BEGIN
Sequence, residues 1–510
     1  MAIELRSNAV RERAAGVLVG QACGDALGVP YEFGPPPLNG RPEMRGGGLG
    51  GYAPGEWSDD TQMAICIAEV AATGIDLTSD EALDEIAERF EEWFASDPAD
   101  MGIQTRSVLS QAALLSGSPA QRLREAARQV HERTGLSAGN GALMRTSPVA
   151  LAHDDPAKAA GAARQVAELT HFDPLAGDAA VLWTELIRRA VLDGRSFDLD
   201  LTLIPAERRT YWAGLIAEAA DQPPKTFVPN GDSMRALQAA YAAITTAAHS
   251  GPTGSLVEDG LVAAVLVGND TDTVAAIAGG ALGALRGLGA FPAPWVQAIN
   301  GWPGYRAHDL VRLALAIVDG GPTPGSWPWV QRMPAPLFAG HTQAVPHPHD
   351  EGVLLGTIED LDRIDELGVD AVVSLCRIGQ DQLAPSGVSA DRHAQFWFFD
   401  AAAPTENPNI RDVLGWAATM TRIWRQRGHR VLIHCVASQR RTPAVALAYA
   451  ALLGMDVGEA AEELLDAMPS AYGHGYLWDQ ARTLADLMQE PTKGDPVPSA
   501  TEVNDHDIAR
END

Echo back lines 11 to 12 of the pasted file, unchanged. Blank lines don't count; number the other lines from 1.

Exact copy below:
   451  ALLGMDVGEA AEELLDAMPS AYGHGYLWDQ ARTLADLMQE PTKGDPVPSA
   501  TEVNDHDIAR